Food irradiation means improving the shelf life and safety of food products by passing the packaged food items through gamma rays, X-rays or electron beams. This process helps in eliminating the microorganisms like bacteria and mould within the packaged food product thus reducing the risk of food borne illnesses. It does not affect the other attributes of food like taste, smell or texture. Since food does not come in direct contact with radioactive materials, there is no risk of radiation and is completely safe for consumers.

So does irradiation really work? Irradiation of food serves many purposes. It effectively eliminates disease causing pathogens like E.coli and Salmonella thus minimizing risk of food borne illnesses. It improves shelf life by destroying decay causing organisms. It kills insects in fruits and vegetables thus reducing the need for pesticides. It can be used for delaying or inhibiting sprouting thus prolonging shelf life. It can be used for food sterilization. Sterilized foods can be stored for a long period of time without refrigeration. They are used especially in hospitals for patients needing special diets. For example patients suffering from AIDS with reduced immunity or patients undergoing chemotherapy.

A common question that arises is how safe is food irradiation? After more than 30 years of trails the FDA has endorsed it to be safe in the US. It is also supported by WHO, CDC and US Department of Agriculture. However different countries have different regulations on food categories which can be irradiated. In most European countries, it is restricted to certain spices and herbs in limited doses however in Latin American countries like Brazil almost all food categories can be eligible for irradiation. A variety of foods have been approved for irradiation in the US including poultry, pork, beef, fresh vegetables, fruits, lettuce, spinach, crustaceans, shellfish, shell eggs, seeds for sprouting, spices, seasonings. So basically this list covers most of the common food types. Of all the above mentioned, spices are a potential microbial pollution source to the foodstuffs to which they are added. Mostly originating in developing countries, where harvesting and storage conditions are insufficiently controlled, spices may be exposed to high level of natural contaminants. It is unanimously confirmed that spice irradiation is more effective in controlling bacteria and mould as compared to heat or chemical treatments. Harmful bacteria could also contaminate poultry feed which in turn might infect the birds and through them infect humans. Irradiating poultry and meat products helps in reducing food borne illnesses. Same applies to insects contaminating fruits and vegetables.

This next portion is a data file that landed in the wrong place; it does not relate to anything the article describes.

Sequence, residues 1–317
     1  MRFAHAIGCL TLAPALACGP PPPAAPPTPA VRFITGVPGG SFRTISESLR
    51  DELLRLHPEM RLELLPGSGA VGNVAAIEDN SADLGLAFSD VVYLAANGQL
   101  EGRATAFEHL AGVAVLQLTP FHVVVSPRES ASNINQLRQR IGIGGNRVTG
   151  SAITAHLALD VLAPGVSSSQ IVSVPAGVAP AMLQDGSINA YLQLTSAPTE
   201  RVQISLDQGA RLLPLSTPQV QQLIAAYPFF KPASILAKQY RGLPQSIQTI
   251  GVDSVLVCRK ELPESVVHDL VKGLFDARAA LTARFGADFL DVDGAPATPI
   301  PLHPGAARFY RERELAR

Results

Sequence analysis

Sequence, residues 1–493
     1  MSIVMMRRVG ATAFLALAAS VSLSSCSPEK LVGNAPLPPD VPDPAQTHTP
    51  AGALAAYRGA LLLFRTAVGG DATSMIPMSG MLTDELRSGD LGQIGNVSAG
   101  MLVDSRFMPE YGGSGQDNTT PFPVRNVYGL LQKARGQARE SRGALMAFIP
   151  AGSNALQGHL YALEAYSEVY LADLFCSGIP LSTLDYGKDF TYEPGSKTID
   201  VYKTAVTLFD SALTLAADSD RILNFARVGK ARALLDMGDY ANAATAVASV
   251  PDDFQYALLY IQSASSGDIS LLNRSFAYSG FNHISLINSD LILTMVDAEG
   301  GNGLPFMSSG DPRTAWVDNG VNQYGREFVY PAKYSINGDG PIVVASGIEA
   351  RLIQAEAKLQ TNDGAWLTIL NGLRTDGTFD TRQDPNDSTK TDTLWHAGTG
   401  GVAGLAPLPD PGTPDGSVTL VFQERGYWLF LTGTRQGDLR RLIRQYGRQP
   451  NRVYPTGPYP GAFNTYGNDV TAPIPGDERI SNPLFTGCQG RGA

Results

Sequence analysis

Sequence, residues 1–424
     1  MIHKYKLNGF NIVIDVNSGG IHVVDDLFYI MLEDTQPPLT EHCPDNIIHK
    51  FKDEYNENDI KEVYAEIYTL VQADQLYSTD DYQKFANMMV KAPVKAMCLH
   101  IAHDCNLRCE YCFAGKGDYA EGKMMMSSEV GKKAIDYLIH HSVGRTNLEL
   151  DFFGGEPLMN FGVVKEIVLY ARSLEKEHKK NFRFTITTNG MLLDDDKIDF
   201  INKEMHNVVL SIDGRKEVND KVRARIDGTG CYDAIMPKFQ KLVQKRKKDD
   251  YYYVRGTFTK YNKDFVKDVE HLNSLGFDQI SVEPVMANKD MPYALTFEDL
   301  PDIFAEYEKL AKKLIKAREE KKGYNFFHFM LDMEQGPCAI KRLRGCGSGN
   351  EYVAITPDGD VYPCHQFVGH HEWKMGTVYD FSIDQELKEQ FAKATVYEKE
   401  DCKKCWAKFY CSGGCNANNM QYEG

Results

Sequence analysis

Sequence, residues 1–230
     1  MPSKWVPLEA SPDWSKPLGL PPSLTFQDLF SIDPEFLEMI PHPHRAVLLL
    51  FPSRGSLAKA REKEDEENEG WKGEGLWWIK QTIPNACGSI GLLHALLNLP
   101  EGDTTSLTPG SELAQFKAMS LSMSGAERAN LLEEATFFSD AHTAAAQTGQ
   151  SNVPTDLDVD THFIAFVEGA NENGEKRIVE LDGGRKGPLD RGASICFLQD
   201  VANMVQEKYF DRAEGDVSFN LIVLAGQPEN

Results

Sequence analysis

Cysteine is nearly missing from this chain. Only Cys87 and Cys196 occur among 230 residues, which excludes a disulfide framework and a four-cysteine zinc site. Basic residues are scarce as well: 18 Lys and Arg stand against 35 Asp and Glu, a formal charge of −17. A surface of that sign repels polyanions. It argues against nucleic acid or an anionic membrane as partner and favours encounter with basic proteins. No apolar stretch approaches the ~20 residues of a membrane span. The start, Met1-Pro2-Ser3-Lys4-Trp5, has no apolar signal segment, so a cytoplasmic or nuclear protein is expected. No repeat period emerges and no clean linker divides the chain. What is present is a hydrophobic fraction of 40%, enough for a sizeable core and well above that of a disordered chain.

Another question that frequently arises is, are irradiated foods equally nutritious? The answer is a resounding yes. Since there is negligible rise in food temperature during irradiation, there is hardly any change in the texture or flavor. A small percentage of vitamins might be lost in this process however the proportion of loss is similar to any process like freezing, canning or cooking. For more interesting read on food irradiation please check